Piper moves to Santa Cruz, California to go to the Institute of Art. When she was 15 she gave birth to a daughter, but had to put her up for adoption because she was too young to raise her.... See full summary »
About a guy whose life didn't quite turn out how he wanted it to and wishes he could go back to high school and change it. He wakes up one day and is seventeen again and gets the chance to rewrite his life.
Piper moves to Santa Cruz, California to go to the Institute of Art. When she was 15 she gave birth to a daughter, but had to put her up for adoption because she was too young to raise her. Years later she sees an article about a girl she thinks is her daughter, who lives in Santa Cruz, and applies for a job in a sandwich shop. As she works there she gets to know the staff. Tish is a babe, she tries to seduce every guy who comes into the shop, and she goes home with those who flirt back. Jen, a computer nerd who has a love affair online with a guy who calls himself fuzzy22. She's not as pretty as Tish and she struggles with self-confidence. And there's a crazy haired guy called Priestly; he's not like other guys and dresses different then everyone because he refuses to be "another clone". Piper's boss is a really nice guy named Trucker, who's in love with a woman who own the store across the street. The audience goes through the sandwich shop crew's personal struggles as they help ... Written by
Actors Jensen Ackles (Priestly) and Danneel Harris (Tish) were friends prior to costarring in the movie, but neither knew the other had been cast in it until they ran into one another on set the first day of filming. See more »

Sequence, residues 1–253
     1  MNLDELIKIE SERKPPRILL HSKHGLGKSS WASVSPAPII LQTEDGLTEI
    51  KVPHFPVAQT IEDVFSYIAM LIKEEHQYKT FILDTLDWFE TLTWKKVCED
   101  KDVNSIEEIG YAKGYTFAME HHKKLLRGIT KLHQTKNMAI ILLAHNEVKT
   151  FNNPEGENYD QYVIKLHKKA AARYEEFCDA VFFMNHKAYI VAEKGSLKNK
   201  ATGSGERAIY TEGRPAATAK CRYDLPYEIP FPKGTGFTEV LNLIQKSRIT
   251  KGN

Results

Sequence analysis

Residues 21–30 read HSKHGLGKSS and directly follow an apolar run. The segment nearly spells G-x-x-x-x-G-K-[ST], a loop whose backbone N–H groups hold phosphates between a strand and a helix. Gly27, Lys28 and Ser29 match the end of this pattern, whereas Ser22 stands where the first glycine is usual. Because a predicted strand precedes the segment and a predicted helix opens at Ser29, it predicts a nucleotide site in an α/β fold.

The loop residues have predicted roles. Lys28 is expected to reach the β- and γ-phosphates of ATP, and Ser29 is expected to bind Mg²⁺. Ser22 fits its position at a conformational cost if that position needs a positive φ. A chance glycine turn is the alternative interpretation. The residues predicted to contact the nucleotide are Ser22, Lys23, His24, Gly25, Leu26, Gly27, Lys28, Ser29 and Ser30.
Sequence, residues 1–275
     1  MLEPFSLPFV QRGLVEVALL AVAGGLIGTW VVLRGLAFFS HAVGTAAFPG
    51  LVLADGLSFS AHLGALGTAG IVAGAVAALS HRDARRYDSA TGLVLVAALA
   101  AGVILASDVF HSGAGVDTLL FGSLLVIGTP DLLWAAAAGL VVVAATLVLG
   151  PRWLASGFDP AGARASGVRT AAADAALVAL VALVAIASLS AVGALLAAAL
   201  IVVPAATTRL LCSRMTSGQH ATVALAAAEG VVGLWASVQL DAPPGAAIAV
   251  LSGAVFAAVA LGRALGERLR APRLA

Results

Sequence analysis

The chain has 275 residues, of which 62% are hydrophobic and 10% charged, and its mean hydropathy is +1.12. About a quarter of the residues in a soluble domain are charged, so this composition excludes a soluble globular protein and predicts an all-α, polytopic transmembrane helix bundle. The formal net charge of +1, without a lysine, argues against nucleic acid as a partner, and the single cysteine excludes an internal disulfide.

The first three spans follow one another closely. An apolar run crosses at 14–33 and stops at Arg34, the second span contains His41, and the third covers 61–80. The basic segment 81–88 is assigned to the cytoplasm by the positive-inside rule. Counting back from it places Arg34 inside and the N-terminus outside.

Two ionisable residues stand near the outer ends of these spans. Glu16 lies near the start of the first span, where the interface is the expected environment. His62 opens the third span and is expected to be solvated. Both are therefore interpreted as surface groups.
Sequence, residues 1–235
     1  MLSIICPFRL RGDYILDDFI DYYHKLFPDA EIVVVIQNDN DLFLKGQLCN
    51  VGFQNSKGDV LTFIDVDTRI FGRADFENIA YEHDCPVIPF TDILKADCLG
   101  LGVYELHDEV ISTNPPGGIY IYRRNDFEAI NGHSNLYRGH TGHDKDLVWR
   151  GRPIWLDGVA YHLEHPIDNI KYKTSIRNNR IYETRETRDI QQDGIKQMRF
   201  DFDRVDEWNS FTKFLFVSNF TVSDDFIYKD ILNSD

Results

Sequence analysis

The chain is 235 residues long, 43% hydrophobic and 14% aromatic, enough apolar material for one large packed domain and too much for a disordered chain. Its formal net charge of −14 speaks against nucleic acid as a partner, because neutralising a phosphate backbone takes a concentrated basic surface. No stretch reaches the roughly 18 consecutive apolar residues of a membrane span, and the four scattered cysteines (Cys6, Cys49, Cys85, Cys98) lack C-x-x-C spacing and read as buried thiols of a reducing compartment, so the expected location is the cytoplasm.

Late in the movie, the staff members of Beach City Grill are looking at one of Trucker's old yearbooks, which includes a picture of him playing football. Trucker is at least 50 years old and claims to have been part of the Woodstock Generation, but the football players in the yearbook photo are wearing modern football equipment. See more »
*I'm* not normal.
I need a job.
Hang on Trucker, you said hiring was a democratic process around here.
Yeah, that's the way I heard it.
Okay, all those in favor of hiring, uh...
...Piper, put your hands up.
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Ten Inch Hero is a touching, elegant and sweet movie about people not quite so ordinary, and the masks they wear for each other without even knowing, without even wanting to. It's also a movie about tearing down the masks and - simply - finding what's really important.
The movie is worth watching at least several times. The dialog is witty and sharp, the plot elegantly constructed and absorbing, the music masterful (and funny, because it perfectly mirrors the plot and - surprisingly - brings comic relief in a few carefully chosen places), the filming beautiful and professional, and the actors good, funny and entirely believable.
Clea DuVall is, as usual, a quiet but very intense presence on the screen, yet the filmmakers don't let her steal the show entirely. Same goes for Jensen Ackles, the central "fun" character, who has quite a few superb moments that show both his comedic ability and enchanting subtlety. Alice Krige was a wonderful casting choice, and her presence (complimented by the music) transforms the scenes in funny and touching ways.
In other words, I want the DVD, and I want it right now!
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